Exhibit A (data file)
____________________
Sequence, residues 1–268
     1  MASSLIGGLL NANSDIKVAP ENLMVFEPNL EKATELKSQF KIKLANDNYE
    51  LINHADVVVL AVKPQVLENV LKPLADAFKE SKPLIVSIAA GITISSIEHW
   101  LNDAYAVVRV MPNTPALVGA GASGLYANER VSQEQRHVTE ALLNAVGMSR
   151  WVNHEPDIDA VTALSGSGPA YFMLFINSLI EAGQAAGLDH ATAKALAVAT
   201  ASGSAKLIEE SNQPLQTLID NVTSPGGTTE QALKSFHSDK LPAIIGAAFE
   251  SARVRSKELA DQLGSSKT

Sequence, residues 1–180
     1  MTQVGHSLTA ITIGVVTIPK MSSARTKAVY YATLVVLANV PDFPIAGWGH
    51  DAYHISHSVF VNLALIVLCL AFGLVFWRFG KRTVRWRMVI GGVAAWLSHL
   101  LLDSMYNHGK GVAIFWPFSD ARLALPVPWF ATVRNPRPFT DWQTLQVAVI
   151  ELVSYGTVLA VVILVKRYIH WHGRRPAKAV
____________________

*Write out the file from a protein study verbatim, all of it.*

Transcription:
Sequence, residues 1–268
     1  MASSLIGGLL NANSDIKVAP ENLMVFEPNL EKATELKSQF KIKLANDNYE
    51  LINHADVVVL AVKPQVLENV LKPLADAFKE SKPLIVSIAA GITISSIEHW
   101  LNDAYAVVRV MPNTPALVGA GASGLYANER VSQEQRHVTE ALLNAVGMSR
   151  WVNHEPDIDA VTALSGSGPA YFMLFINSLI EAGQAAGLDH ATAKALAVAT
   201  ASGSAKLIEE SNQPLQTLID NVTSPGGTTE QALKSFHSDK LPAIIGAAFE
   251  SARVRSKELA DQLGSSKT

Sequence, residues 1–180
     1  MTQVGHSLTA ITIGVVTIPK MSSARTKAVY YATLVVLANV PDFPIAGWGH
    51  DAYHISHSVF VNLALIVLCL AFGLVFWRFG KRTVRWRMVI GGVAAWLSHL
   101  LLDSMYNHGK GVAIFWPFSD ARLALPVPWF ATVRNPRPFT DWQTLQVAVI
   151  ELVSYGTVLA VVILVKRYIH WHGRRPAKAV